Is MS4 specificity attainable?
Ideally, each MS4 would have a set of solutions tailored to its specific issues and metrics that prove the validity of each measure. Certainly, a small percentage does. But most lack the resources to do so, and are left trying to satisfy the regulations without being able to determine whether and how much their efforts will improve their community’s stormwater quality.
To overcome the lack of research and support, permittees have banded together via professional associations, conferences, magazines, enewsletters, and webinars to promote technology transfer.
Permittees within the same geographic area, under the same regulating agency, have pooled resources to help each other determine the best approaches and advocate for more practical approaches. Such coalitions have been very effective; turn to page 45 to learn how one state’s MS4s influenced nutrient requirements.
Institute for Policy Integrity letter
One of the more significant comments regarding the impending rulemaking was an April 27, 2012, Institute for Policy Integrity letter urging EPA to ensure the new regulations maximize net benefits. Specifically, the agency should:
1. Refine its cost-benefit analysis by considering additional benefits categories, incorporating nonuse values, and accounting for industry adaptation.
2. Analyze whether market-based regulatory approaches can increase the proposed rule’s cost-effectiveness.
3. Minimize economically inefficient grandfathering by adopting a time-limited transition relief scheme.
4. Design the rule to facilitate watershed-based permitting.
5. Structure the rule to maximize public involvement in permitting, monitoring, and enforcement.
The Institute’s summary is directed at EPA in the form of what should be included in the rule. While the agency can certainly deal with some of these issues, wouldn’t it be more beneficial to have the states — which better understand their MS4s’ issues — incorporate the five points into their permits?
Because it’s addressed by both the National Science Council and Institute, watershed-based permitting may make it into the proposed rule. Forming multijurisdictional entitiesm however, presents significant political difficulties. It should instead be a measurable goal to explore such entities with groups of MS4s within the same watersheds.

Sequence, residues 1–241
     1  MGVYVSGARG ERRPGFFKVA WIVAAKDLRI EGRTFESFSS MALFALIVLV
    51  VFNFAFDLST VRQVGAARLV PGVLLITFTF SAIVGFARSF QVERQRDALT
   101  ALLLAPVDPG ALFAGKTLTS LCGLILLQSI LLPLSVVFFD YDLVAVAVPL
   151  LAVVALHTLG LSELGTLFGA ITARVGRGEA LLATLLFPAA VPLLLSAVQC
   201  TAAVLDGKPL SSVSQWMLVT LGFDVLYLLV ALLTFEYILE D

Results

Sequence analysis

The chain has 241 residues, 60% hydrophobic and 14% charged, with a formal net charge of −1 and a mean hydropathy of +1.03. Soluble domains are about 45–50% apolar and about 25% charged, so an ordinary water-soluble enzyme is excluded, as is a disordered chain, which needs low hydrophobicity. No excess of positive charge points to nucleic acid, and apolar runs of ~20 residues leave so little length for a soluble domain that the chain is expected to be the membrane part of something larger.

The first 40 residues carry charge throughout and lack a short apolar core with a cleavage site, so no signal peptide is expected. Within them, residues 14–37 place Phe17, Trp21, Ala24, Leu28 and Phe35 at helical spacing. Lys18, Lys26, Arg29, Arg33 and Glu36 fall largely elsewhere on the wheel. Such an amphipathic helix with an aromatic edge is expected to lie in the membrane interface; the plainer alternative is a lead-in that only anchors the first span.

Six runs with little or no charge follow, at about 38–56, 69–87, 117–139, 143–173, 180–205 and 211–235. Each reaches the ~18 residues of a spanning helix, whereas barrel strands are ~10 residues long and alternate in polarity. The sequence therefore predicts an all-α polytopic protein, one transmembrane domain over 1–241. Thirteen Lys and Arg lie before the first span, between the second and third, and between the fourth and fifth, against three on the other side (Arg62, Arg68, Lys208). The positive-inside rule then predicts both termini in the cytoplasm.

The market-based approach has merit because funding issues need more attention and permittees can’t provide all the resources. It would allow the private sector to participate in creative, market-driven financing of required practices. And while public involvement has been a staple of the rule for Phase I and Phase II permittees, the process isn’t as robust as it needs to be.
EPA’s Information Collection Request Summary
EPA shared the preliminary results of its Information Collection Request — an effort to document what permittees are doing to improve stormwater quality — at the Water Environment Federation’s Stormwater Symposium in July 2012.
The request was sent to a random sample of about 608 of the nation’s 750 Phase 1 and 6,600 Phase II permittees; responses were received from a combined total of 471. The experience of Phase 1 permittees is particularly informative because they’ve been at this for more than 15 years and have been monitoring receiving waters.
EPA will consider all this information when developing the proposed regulation for publication in June.
Your input is critical. Most permittees simply can’t afford the research necessary to determine the best benefit-costs approaches, so cost-effective solutions must be top priority. Submit comments on the proposed rule on your own or in association with other MS4s in your city, county, or state. Remember: There’s strength in numbers.
— Sorensen (email@example.com) is senior stormwater utility associate in the Environment & Infrastructure group of consulting engineering firm AMEC (www.amec.com).